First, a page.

Career Spotlight: Border Patrol Agent
Since 1924, U.S. border patrol agents have patrolled 6,000 miles of international land borders and 2,000 miles of coastal waters to prevent illegal persons, goods, and weapons from entering the country. Agents work in any kind of weather and for long hours to make sure the nation’s borders are protected.
Border Patrol Agent Job Description
Border patrol agents are employed by U.S. Customs and Border Protection to monitor and guard the borders of the United States, as well as to protect the nation from terrorists; enforce laws on immigration, customs, and trade; and prevent dangerous pests from entering the country.
Some of the common duties of border patrol agents include:
- Monitor checkpoints along border areas
- Detect and apprehend undocumented noncitizens, smugglers, and illegal goods
- Check transportation for suspicious or illegal goods or passengers
- Conduct anti-smuggling operations and smuggling investigations
- Patrol cities and areas close to the borders
- Maintain safety protocols
- Perform line-watch duties, traffic checkpoint operations, transportation checks, and other duties
- Enforce border procedures with fairness
- Use technology such as infrared scopes during night operations
- Maintain strong domestic and international partnerships
- Record and report information
- Promote compliance with border and trade laws
Types of Border Patrol Agent Roles
In addition to the many duties listed above, as your career as a border patrol agent advances, you may have the opportunity to participate in other types of assignments. Assignments for experienced border patrol agents include:
- Marine Patrol: The marine patrol unit contains more than 100 vessels that patrol the coastal waterways of the United States, Puerto Rico, and the interior waterways separating the United States and Canada.
- Horse Patrol: Horse patrol agents are dispatched to areas that are geographically sensitive and cannot be entered by any other means.
- Emergency Medical Program (EMP): The EMP consists of emergency medical technicians who provide emergency services to fellow agents, illegal citizens, and people from various communities.
- Border Patrol Tactical Unit (BORTAC): This highly trained unit responds to situations that require special tactics, techniques, and procedures necessary for defending the United States.
- Border Patrol Search, Trauma, and Rescue (BORSTAR): The specialized BORSTAR unit provides search, rescue, and medical response capabilities and assistance to local, county, state, tribal, and federal communities.
- Peer Support Program (PSP): PSP helps border patrol agents and their family members with personal needs and traumatic incidents that may have occurred on the job or due to the job.
- Off-Road Vehicle Unit: This off-road vehicle unit consists of agents who use various vehicles like ATVs, dirt bikes, and other modes of transportation to traverse areas of the border otherwise not accessible.
- K-9 Unit: The K-9 unit uses dogs to locate illegal goods, narcotics, and people who are hidden in vehicles and other locations. They also work in search and rescue, human remains detection, and tracking.
Requirements to Become a Border Patrol Agent
If you are growing curious about becoming a border patrol agent, there are a few things to be aware of. First and foremost, there are some skills and qualities that you should possess to be a successful border patrol agent. These include:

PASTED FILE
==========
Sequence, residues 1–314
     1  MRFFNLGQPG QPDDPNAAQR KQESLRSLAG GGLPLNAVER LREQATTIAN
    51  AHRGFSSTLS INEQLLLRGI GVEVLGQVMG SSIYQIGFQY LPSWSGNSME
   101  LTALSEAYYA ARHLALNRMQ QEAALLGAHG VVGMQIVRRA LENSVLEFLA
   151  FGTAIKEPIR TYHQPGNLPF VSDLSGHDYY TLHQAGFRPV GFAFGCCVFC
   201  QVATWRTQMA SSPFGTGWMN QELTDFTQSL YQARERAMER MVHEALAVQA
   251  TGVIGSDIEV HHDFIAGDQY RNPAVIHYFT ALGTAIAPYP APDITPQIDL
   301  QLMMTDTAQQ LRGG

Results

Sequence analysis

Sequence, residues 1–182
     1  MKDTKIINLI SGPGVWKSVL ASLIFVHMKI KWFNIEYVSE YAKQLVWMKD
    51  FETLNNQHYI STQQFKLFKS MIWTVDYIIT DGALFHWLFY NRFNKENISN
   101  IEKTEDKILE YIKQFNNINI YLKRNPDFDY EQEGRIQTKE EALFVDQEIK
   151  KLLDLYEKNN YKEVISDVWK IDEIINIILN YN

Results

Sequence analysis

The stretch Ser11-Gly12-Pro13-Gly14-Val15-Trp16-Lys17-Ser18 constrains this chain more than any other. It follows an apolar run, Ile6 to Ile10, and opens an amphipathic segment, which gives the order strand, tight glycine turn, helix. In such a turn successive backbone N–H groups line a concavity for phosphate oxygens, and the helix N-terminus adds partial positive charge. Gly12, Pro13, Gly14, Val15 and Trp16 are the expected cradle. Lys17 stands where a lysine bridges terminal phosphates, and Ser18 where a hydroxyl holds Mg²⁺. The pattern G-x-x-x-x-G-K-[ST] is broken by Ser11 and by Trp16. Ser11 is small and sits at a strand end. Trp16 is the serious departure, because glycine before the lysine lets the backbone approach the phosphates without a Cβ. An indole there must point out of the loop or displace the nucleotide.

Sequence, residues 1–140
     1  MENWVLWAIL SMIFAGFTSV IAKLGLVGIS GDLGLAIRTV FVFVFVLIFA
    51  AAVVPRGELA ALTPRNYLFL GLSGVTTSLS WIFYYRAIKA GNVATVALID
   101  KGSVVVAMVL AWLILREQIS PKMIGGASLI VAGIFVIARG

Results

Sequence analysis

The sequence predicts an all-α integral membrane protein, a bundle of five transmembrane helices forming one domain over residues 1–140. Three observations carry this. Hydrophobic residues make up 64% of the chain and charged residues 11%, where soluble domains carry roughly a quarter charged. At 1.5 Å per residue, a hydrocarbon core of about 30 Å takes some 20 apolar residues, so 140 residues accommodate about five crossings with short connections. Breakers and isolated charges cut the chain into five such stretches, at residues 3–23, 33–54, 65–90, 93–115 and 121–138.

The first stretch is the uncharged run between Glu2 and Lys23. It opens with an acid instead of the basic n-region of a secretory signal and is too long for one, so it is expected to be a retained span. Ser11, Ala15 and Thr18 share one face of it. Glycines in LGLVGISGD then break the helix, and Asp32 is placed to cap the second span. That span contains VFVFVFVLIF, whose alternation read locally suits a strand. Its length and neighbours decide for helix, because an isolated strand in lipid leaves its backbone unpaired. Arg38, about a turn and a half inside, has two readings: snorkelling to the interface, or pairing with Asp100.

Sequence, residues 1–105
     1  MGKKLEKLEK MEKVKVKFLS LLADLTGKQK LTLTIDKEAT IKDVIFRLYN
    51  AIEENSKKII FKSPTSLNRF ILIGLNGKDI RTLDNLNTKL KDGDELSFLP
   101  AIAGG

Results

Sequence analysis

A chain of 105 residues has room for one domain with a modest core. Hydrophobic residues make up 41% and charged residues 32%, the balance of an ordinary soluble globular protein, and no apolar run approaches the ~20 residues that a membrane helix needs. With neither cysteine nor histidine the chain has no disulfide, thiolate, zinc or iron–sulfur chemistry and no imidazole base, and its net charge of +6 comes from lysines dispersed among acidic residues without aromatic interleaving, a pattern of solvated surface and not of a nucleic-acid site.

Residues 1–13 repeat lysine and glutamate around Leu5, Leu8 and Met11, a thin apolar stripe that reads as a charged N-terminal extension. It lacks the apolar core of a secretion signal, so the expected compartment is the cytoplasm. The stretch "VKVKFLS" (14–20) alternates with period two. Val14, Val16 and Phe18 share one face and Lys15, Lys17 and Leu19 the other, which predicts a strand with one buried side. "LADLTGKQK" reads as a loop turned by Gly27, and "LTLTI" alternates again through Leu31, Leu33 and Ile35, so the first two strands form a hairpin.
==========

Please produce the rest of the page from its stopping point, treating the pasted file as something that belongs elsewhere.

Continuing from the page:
- Be physically fit
- Be less than 40 years old (unless a veteran or previously employed by law enforcement)
- Have no criminal record
- Be a U.S. citizen
- Have lived in the United States for last three years
- Have good critical thinking skills
- Be ethically sound
- Be empathetic
- Have social awareness
- Have good investigative skills
- Have quick decision-making skills
How to Become a Border Patrol Agent
In addition to the above, to become a U.S. border patrol agent, you will need to pass an entrance exam, a background check, a medical exam, a physical fitness test, a polygraph test, and a drug test. You will also need to attend training at the Border Patrol Academy in New Mexico for 13 weeks.
The minimum educational requirement for a border patrol agent is a high school diploma, though a bachelor’s or master’s degree can help you advance in your career.
Education Necessary to Become a Border Patrol Agent
A bachelor’s or master’s degree is certainly preferred if you are looking to be hired as a border patrol agent. Excelsior University’s Master of Science in Criminal Justice can help you develop your expertise in the administration of criminal justice, homeland security, and emergency management agencies in the United States. Course work and assignments will teach you how to address legal and ethical dilemmas in the workplace, analyze crime statistics, and develop effective crime-fighting strategies based on your findings. The Certificate in Homeland Security and Emergency Management will educate you about the threats posed by domestic and international terrorism and the best strategies for countering them. You will build your skills and develop emergency and disaster plans that can be employed in the face of both man-made and natural threats. Both the degree and the certificate program are good choices if you would like to pad your resume in preparation to apply for a job as a border patrol agent.
How Much Do Border Patrol Agents Make?
According to the USAJobs website, border patrol agent salaries range from $41,000 to $90,000 per year. This range is due to education, experience, and post areas. Border patrol agents have many opportunities to increase their pay by improving their education, applying for overtime, and working holidays and night shifts.
If you are interested in becoming a border patrol agent, speak to an Excelsior admissions counselor to start your educational journey.